"Still, the air people breathe now is much cleaner than it was a few decades
ago, air quality officials said. One reason is that today’s cars and
industry pollute less."---------------As someone who has
lived here long enough to remember how the valley was in the days of coal-fired
furnaces, dark billows of diesel exhaust and many more industrial type
facilities operating during the inversions, this is a point I've made many
times.I'm very pleased we've cleaned up our act since
those times, making the inversions less bothersome and dangerous than the once
were. I hope the trend continues.I'm also just a little
annoyed that so many continue to gripe as if things have not gotten better and
that we're living in gunk that we're crazy to breath. To them I say,
take a deep breath (despite your fears) and calm down. You too will survive, as
so many have before you in much worse conditions.
Re: "I'm also just a little annoyed that so many continue to gripe as
if things have not gotten better . . . ."Aren't we all!
And, it seems to make them mad that we just can't accept their unsupported
blather.Today's callow alarmists love to suggest today's
Utah air is killing them and us. But anyone who's been here longer than the
last couple real-estate boom-bust cycles can attest that today's air
quality is superior in every way to the 50's and 60's air I grew up
with.And even that admittedly bad air didn't create the
problems today's disingenuous alarmists blame on much cleaner modern air
quality.None of this means we should be anything less than
scrupulous about seeking and applying economical, best-practice-based methods of
maintaining past gains and seeking new ones. But, suggestions that we are
somehow morally obligated to implement radical, untried, impractical measures
that would destroy Utah's economy and the jobs that support it, are
typically the deranged ramblings of callow, out-of-touch, elitists.Folks my Dad described as those afflicted with more dollars than sense.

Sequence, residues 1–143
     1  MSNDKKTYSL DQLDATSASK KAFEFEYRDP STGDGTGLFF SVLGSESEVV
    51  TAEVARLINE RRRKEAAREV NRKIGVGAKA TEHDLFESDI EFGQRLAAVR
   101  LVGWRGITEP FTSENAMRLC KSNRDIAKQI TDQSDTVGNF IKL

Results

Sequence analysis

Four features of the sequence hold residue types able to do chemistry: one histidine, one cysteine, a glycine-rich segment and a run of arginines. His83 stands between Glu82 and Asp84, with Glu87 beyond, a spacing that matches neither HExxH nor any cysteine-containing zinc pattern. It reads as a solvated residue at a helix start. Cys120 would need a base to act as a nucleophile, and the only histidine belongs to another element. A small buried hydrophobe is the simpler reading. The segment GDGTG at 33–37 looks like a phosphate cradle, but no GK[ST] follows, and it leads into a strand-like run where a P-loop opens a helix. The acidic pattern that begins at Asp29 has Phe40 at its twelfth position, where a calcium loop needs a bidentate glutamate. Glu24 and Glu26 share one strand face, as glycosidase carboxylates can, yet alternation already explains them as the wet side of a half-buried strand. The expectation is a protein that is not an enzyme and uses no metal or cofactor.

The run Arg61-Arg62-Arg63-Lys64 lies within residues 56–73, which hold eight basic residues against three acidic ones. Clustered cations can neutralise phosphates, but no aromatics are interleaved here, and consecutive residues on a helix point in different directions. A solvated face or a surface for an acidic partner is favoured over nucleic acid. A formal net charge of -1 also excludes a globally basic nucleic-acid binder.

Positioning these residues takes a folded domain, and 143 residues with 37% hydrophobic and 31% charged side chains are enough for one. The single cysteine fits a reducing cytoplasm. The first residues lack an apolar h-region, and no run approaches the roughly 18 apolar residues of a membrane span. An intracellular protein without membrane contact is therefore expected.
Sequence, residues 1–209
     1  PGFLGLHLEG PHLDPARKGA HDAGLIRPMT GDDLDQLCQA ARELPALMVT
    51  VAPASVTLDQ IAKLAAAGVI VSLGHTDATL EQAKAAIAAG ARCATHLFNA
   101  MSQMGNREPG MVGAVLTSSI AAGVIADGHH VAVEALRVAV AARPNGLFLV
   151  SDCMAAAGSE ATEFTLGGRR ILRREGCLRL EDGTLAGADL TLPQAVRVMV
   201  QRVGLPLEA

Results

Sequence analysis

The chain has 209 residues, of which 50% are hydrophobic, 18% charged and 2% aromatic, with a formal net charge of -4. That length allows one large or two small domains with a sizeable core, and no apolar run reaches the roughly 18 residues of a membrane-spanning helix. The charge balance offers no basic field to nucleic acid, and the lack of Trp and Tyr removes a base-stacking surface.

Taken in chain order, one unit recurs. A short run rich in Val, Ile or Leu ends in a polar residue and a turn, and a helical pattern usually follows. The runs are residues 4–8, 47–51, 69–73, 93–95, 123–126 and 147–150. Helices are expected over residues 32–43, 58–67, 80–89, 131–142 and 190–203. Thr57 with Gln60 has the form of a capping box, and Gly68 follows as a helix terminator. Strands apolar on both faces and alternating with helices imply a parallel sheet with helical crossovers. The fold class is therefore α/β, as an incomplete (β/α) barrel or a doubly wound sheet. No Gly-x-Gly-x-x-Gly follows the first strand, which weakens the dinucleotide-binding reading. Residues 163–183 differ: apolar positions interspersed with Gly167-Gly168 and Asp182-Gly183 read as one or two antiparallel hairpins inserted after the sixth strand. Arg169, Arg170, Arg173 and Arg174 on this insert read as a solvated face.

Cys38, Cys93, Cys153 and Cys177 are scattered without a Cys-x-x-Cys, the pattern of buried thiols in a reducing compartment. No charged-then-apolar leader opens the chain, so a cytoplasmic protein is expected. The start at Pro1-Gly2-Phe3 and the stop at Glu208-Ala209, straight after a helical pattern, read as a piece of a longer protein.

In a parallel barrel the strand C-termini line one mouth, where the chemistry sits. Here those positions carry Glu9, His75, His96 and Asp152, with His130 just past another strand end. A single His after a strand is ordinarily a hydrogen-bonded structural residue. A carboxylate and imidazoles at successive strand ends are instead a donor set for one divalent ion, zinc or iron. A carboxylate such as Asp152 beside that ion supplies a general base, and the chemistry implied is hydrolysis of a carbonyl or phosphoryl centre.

Shameful! That's what it is when you can actually see the poison we are
breathing. To have government officials speak of progress when you can't
see the blue sky or have to look at the mountains through a thick blanket of
haze you know we have the wrong people for the job they need to be replaced. For
citizens to write in and actually support the insane way we poison ourselves is
a sad commentary on our society.
If you watched the local news last week and the reporting of the air quality you
would have thought the world was coming to an end, especially the lead story on
KUTV Channel 2 last Saturday night. All I know is this: it could be a lot worse.
Nothing is perfect. If you want clean air go back to the days of the horse and
buggy and no fireplaces. In fact, have no fire anywhere @Mighty Mouse. Come on
now. With everything good that comes about there will always be a negative tied
into it, in some form or fashion. Just be grateful that you have the ability and
the chance to post on here and refute what other folks say. I am.
Thank you Mr. Jed. The truth finally. The air is cleaner today than it has been
for the last 30 years!!! I have been saying that for years. It takes a lot of
guts to take on the stinkin "Toxic Foggers", you are a champion.
Now tell the rest of the story, 85% of the inversion is natural (rotting grass
and leaves). Only 15% is man made. We could ban every car and destroy every
industry and still see little improvement in pm 2.5 air quality. This is nature
at work, get used to it. Drive to the mountain valleys, even sinks with no
population have thick inversions.
Re: "For citizens to write in and actually support the insane way we poison
ourselves is a sad commentary on our society."I'm WAY more
ashamed of the citizens who write in and cynically add shrill, unsupported,
disingenuous moral tones to their ridiculous demands that we take "air
quality" measures that will not only be destructive of the economy on which
real people depend, but will have no measureable effect on the quality of the
air.Kinda makes you wonder how someone could become that elitist and
Visited over the Holidays and saw the inversion pollution. When we were
students at BYU the air was so bad that visibility in the evenings was about 100
ft. BYU canceled intramurals for health reasons. When you drove through the SL
valley you would have to turn on your windshield wipers to remove the soot.
Thankfully it appears the Salt Lake Media are beginning to actually do some of
their own research on the subject of air pollution and not simply re-printing
the latest hysterical press release from environmental activists.Now
perhaps they will start to challenge the grossly distorted and misleading claims
about air quality which are routinely made by these activists. When
fearmongering is no longer the overriding force driving the debate over air
quality then and only then can we as a society have a rational discussion about
the benefits and costs of increased regulation.